In the crucible of thesis writing, even the most diligent graduate students might overlook the significance of reporting effect sizes alongside statistical significance in their analyses. While it's universally acknowledged that

*p*values are indispensable for confirming the statistical significance of your results beyond descriptive statistics, the role of effect size, particularly in the context of ANOVA (Analysis of Variance), warrants equal attention. In this blog, we look at ANOVA effect sizes using practical R examples and scenarios commonly encountered in graduate theses, advanced undergraduate projects, and PhD research.Consider a scenario where you're exploring the impact of different study environments on the test performance of students diagnosed with ADHD. You categorize the environments into three groups: Listening to synthwave music, classical music, and no music (silence) before a test. To assess the effectiveness of these conditions, you conduct an ANOVA with 60 students, randomly assigned to the three groups, and measure their test performance on a scale of 0 to 100. Here’s how you can simulate this study and analyze the data in R:

# Load necessary library

library(ggplot2)

# Set seed for reproducibility

set.seed(123)

# Generate mock data for ANOVA

n_group <- 20 # Number of participants in each group

performance_synth <- rnorm(n_group, mean = 80, sd = 10) # Synthwave group

performance_classical <- rnorm(n_group, mean = 75, sd = 10) # Classical music group

performance_silence <- rnorm(n_group, mean = 70, sd = 10) # Silence group

data <- data.frame(

environment = factor(rep(c("Synthwave", "Classical", "Silence"), each = n_group)),

performance = c(performance_synth, performance_classical, performance_silence)

)

# Conduct ANOVA to compare group means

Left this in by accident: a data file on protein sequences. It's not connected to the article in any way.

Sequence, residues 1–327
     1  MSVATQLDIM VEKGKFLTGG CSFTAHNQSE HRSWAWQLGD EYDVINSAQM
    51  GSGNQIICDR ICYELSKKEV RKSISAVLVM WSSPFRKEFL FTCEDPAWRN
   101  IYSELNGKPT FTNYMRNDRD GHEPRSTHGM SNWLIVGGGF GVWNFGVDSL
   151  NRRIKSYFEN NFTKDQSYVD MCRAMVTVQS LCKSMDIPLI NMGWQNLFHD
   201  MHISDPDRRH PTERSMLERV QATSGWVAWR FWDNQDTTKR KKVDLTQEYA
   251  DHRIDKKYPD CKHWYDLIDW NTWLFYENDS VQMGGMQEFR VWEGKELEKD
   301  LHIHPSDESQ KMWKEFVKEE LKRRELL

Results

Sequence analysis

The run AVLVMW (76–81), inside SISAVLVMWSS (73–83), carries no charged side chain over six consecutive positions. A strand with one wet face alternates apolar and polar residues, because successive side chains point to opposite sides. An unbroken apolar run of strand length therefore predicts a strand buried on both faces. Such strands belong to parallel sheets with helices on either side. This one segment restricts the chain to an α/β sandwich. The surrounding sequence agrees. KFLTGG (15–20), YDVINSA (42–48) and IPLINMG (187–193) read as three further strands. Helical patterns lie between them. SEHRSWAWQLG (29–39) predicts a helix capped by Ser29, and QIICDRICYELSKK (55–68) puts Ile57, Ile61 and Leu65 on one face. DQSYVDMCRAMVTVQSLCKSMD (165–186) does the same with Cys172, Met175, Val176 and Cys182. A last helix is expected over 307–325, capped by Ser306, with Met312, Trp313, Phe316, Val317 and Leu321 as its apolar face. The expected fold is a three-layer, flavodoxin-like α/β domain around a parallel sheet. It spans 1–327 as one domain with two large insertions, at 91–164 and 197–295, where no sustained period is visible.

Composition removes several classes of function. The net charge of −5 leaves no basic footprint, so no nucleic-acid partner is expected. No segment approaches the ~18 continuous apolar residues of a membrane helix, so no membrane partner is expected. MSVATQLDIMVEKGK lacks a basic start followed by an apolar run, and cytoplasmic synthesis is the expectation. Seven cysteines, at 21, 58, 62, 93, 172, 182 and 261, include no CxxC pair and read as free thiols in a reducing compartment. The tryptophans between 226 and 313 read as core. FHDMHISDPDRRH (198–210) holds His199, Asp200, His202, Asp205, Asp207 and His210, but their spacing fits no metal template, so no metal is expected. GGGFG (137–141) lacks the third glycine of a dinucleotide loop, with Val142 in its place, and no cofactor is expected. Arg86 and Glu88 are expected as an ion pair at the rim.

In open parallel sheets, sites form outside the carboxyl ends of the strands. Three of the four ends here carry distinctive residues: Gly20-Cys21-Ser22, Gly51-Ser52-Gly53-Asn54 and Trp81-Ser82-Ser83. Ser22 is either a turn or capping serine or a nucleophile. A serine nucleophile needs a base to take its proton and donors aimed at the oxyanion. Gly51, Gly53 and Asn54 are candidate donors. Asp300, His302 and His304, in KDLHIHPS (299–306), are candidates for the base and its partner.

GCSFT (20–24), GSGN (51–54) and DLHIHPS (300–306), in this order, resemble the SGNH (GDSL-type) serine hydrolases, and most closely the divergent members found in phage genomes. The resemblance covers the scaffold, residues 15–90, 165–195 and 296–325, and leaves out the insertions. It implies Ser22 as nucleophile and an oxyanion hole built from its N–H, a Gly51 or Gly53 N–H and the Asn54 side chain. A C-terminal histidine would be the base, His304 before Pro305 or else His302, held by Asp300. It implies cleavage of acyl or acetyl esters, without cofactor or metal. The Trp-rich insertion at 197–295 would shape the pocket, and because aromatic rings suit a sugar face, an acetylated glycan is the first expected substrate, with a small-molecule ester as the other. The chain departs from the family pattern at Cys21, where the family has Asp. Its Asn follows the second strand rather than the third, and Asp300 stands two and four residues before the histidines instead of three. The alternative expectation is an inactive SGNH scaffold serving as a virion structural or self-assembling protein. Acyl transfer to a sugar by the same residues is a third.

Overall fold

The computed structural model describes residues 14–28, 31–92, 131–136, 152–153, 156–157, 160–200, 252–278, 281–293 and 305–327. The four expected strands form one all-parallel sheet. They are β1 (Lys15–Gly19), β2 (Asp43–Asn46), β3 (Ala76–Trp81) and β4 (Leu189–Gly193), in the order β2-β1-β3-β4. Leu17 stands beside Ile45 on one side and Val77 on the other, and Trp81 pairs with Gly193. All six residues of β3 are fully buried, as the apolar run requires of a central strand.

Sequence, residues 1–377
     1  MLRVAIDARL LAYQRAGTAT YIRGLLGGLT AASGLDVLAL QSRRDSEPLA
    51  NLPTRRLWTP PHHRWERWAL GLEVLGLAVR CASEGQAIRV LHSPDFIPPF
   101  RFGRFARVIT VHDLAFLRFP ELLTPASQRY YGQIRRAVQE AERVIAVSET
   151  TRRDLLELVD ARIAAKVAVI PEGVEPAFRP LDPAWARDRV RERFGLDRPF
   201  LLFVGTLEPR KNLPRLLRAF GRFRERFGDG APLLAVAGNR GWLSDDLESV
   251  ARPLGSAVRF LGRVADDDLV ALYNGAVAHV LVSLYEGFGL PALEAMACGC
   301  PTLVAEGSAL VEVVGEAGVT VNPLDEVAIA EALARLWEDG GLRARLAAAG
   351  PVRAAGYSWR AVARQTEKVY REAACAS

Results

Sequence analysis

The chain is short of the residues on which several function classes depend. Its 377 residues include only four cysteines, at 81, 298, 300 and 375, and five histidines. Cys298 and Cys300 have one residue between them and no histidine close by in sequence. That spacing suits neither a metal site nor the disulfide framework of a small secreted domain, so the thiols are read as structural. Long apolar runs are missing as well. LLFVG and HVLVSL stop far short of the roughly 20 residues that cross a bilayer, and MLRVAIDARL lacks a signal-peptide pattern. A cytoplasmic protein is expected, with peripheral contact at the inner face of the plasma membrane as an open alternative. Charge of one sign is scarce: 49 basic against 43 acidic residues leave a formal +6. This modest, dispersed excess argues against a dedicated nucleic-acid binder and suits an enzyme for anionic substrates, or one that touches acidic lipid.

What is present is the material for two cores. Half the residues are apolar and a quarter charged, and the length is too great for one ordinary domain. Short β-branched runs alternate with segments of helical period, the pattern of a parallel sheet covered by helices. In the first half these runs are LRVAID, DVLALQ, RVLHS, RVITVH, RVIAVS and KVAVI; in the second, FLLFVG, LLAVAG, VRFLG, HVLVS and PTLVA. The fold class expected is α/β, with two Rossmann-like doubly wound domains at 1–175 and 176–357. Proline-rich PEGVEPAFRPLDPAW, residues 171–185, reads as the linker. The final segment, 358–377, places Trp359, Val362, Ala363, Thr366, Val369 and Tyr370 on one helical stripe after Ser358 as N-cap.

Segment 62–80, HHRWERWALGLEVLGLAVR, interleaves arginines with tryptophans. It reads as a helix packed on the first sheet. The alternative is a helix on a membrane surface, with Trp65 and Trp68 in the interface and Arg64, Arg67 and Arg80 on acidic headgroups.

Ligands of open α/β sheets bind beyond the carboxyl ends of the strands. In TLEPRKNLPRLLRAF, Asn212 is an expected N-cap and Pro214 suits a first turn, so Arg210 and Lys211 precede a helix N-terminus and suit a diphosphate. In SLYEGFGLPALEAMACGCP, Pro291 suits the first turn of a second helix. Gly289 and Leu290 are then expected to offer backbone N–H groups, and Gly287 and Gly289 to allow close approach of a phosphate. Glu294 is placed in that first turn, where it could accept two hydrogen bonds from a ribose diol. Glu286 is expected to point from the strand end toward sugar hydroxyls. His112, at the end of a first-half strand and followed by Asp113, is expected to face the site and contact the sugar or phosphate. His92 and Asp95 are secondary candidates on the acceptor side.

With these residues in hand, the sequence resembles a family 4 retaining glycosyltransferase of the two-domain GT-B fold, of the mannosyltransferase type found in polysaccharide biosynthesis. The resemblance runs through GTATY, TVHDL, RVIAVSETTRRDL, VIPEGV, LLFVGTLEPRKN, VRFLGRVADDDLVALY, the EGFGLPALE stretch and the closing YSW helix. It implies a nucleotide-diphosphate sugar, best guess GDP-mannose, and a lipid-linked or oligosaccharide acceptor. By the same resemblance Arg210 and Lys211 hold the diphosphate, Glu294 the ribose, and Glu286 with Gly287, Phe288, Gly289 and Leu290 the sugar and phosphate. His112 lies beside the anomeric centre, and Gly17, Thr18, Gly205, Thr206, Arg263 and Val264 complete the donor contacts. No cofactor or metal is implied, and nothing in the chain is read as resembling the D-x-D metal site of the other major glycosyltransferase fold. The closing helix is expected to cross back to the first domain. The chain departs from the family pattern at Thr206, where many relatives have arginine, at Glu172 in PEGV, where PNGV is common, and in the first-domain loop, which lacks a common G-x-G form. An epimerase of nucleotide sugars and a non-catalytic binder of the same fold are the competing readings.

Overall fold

anova_result <- aov(performance ~ environment, data = data)

# Display ANOVA summary

anova_summary <- summary(anova_result)

print(anova_summary)

# Calculate Eta-squared (η²) for effect size

model_ss <- anova_summary[[1]]$"Sum Sq"[1] # Sum of squares for the model (effect)

residual_ss <- anova_summary[[1]]$"Sum Sq"[2] # Sum of squares for residuals (error)

total_ss <- model_ss + residual_ss # Total sum of squares

eta_squared <- model_ss / total_ss # Calculate Eta-squared

print(paste("Eta-squared (η²):", eta_squared))

# Visualize data

ggplot(data, aes(x = environment, y = performance, fill = environment)) +

geom_boxplot() + # Create boxplots for each group

labs(title = "Test Performance by Study Environment",

x = "Study Environment",

y = "Test Performance") +

theme_minimal() # Use a minimal theme for a clean look

Upon analyzing the data, suppose the ANOVA indicates a statistically significant difference among the study environments in influencing test performance.

Great, your model is significant, but what does it mean practically? If someone inquires about the real-world impact of your findings, how would you respond? It's entirely feasible for results to be statistically significant yet possess a negligible practical effect.

Enter effect size for ANOVA, commonly measured by Eta-squared (η²) or Partial Eta-squared (η²), offering a remedy to this predicament. Unlike Cohen’s d for t-tests, which measures the effect size between two means, η² in the context of ANOVA quantifies the proportion of the total variance in the dependent variable that is attributable to the factor (the independent variable).

Interpret η² as follows:

- Small effect: η² = 0.01.
- Medium effect: η² = 0.06.
- Large effect: η² = 0.14.

Here was the Eta-squared from your model:

Therefore, you can describe the effect of synthwave on performance as being large. Isn’t that a lot more informative than just pointing out that it was statistically significant?

BridgeText can help you with all of your statistics needs.